The UEs as well as base stations have to fulfil certain OOB emission requirements, aka spurious emission requirements. The objective of OOB emission requirements is to limit the interference caused by the transmitters, e.g. UE or BS, outside their respective channel bandwidths, i.e. carrier(s) on which transmission occur(s), to the adjacent carriers or carriers with a greater frequency separation. In fact, all wireless communication standards, e.g. GSM, UTRAN, E-UTRAN, WLAN etc., clearly specify the OOB emission requirements to limit or at least reduce the unwanted emissions. Reference is made to 3GPP TS 25.101, “User Equipment (UE) radio transmission and reception (FDD)”, 3GPP TS 25.102, “User Equipment (UE) radio transmission and reception (TDD)”, 3GPP TS 25.104, “Base station (BS) radio transmission and reception (FDD)”, 3GPP TS 25.105 “Base Station (BS) radio transmission and reception (TDD)”, 3GPP TS 36.101, “Evolved Universal Terrestrial Radio Access (E-UTRA) and Evolved Universal Terrestrial Radio Access (E-UTRAN); User Equipment (UE) radio transmission and reception”, 3GPP TS 36.104, “Evolved Universal Terrestrial Radio Access (E-UTRA) and Evolved Universal Terrestrial Radio Access (E-UTRAN); Base station (BS) radio transmission and reception” and 3GPP TS 05.05, “Radio Transmission and Reception”. Spurious emissions requirements are defined in order to limit the emissions outside of the operating band where the UE or BS is operating They are primarily approved and set by the national and international standardization and regulatory bodies e.g. ITU-R, FCC, ARIB, ETSI etc.

Unwanted emissions are caused by a number of things, for example: harmonic emissions, intermodulation products, non-linearities and modulation artefacts.

The major OOB and spurious emission requirements are typically specified by the standards bodies and eventually enforced by the regulators in different countries and regions for both UE and the base stations. The requirements comprise of:

    • Adjacent Channel Leakage Ratio (ACLR)
    • Spectrum Emission Mask (SEM)
    • Spurious emissions

The specific definition and the specified level of these requirements can vary from one system to another. Typically these requirements ensure that the emission levels outside the transmitter channel bandwidth or operating band remain several tens of dB below the transmitted signal. Emission levels tend to decay dramatically further away from an operating band but they are not completely eliminated at least in the adjacent carrier frequencies.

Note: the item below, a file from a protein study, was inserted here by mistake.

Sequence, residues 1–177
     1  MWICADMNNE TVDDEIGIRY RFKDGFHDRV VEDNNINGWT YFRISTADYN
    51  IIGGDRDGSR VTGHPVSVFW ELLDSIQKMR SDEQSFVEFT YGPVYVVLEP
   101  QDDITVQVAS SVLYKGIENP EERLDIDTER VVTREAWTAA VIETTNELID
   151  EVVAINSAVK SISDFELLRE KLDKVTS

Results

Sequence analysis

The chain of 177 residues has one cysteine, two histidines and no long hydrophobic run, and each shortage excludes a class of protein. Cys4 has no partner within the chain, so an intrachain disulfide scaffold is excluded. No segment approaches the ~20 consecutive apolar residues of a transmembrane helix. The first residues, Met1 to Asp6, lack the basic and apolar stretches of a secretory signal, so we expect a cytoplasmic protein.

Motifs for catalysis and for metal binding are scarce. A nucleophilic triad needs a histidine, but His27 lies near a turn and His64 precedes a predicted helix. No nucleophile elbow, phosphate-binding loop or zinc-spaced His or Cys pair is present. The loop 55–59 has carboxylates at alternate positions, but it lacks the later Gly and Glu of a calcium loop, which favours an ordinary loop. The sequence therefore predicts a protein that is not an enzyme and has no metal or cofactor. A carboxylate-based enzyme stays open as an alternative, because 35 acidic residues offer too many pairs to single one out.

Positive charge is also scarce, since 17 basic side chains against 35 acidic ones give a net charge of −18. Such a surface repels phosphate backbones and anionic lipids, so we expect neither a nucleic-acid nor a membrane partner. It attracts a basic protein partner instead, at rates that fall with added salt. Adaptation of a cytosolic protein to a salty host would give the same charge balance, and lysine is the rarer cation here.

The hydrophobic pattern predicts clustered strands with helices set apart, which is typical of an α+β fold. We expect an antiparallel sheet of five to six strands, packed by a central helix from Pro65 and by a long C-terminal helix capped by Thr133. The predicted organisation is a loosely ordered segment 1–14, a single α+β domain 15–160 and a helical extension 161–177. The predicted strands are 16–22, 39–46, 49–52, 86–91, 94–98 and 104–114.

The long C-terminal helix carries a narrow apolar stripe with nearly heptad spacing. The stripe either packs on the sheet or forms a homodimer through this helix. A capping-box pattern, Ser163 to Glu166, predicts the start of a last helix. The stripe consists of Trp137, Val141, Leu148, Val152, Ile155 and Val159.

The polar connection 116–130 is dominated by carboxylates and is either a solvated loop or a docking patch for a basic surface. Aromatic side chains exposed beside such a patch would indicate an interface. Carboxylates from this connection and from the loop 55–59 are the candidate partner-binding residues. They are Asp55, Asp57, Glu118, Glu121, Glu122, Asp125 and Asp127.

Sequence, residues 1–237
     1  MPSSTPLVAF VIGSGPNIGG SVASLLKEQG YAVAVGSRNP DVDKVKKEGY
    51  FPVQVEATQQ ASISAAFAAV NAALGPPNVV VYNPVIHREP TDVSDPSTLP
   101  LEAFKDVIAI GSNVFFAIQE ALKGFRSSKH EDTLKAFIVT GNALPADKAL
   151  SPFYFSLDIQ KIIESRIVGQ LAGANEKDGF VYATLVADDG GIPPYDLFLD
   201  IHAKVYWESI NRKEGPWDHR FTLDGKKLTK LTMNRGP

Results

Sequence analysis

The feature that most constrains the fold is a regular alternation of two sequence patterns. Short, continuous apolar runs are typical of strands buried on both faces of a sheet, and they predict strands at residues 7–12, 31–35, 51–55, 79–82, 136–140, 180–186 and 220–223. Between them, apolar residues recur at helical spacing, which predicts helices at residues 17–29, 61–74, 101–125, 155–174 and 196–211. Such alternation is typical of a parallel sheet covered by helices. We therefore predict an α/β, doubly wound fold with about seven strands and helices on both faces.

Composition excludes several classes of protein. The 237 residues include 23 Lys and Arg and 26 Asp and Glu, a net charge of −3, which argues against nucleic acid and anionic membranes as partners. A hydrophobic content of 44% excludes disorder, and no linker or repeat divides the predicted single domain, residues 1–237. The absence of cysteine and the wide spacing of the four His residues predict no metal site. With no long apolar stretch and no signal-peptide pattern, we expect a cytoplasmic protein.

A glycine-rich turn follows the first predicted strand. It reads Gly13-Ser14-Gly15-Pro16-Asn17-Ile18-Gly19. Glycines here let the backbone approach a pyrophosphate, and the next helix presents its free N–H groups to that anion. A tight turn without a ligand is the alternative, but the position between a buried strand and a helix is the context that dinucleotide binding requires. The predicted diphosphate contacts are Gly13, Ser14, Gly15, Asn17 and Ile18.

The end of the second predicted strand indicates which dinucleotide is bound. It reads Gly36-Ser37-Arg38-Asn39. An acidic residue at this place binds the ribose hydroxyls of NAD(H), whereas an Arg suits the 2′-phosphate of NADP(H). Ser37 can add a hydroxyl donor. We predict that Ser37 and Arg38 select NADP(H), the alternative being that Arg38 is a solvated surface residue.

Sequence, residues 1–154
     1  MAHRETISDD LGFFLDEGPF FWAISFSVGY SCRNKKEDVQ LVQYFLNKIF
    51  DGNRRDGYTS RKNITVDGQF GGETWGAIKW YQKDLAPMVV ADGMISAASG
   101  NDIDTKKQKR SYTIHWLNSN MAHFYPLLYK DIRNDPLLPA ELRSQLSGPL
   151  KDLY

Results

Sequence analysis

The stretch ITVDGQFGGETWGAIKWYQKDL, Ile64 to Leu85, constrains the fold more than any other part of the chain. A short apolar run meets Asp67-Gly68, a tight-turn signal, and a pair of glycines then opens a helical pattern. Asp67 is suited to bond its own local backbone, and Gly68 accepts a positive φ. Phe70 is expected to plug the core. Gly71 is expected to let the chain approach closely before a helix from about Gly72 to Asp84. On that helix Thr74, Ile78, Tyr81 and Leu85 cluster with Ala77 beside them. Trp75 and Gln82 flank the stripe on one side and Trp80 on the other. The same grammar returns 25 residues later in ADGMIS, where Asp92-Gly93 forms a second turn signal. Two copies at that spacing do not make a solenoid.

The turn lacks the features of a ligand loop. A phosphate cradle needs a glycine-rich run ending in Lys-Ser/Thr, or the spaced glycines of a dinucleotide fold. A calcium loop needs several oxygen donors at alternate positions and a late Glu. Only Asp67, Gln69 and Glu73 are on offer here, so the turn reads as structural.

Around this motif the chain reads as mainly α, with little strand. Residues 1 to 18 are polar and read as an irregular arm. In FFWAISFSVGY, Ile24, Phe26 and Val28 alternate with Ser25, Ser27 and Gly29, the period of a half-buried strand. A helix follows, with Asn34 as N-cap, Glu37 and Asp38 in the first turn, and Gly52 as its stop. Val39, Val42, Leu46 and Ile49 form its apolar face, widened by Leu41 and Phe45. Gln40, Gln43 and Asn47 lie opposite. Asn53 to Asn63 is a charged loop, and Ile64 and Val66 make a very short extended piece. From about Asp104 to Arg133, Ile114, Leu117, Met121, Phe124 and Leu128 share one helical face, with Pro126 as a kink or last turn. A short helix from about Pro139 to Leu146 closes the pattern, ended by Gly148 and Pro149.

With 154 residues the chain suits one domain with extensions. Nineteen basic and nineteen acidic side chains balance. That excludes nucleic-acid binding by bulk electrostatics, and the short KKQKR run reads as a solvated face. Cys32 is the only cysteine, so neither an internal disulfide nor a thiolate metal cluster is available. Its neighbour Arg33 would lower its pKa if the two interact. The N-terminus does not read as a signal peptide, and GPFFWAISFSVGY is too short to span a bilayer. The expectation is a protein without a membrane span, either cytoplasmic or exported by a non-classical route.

The UE and BS have to meet the OOB and spurious emission requirements at all transmission power levels. Therefore, the UE and BS may be subject to a Maximum Power Reduction (MPR).

For the UE the conservation of its battery power is very critical. To achieve this, it is desired that the UE has an efficient power amplifier (PA). Design of an efficient PA is often a trade-off between efficiency and emission. The more efficient the PA is the more unwanted emissions, it will normally generate. The PA is designed for certain typical operating points or configurations or set of parameter settings e.g. modulation type, number of active physical channels, e.g. resource blocks in E-UTRA or number of CDMA channelization codes code/spreading factor in UTRA. In practice, the UE may operate using any combination of modulation, physical channels etc. Therefore, in some UL transmission scenarios the UE power amplifier may not be able to operate in the linear zone, thereby causing unwanted emissions due to harmonics or other non-linear characteristics. To ensure that UE fulfils OOB/spurious requirements for all allowed UL transmission configurations the UE is allowed to reduce its maximum UL transmission power in some scenarios when it reaches its maximum power. This is known in the standards as maximum power reduction (MPR) or UE power back-off in some literature. For instance a UE with maximum transmit power of 24 dBm power class may reduce its maximum power from 24 dBm to 23 or 22 dBm depending upon the transmission configuration.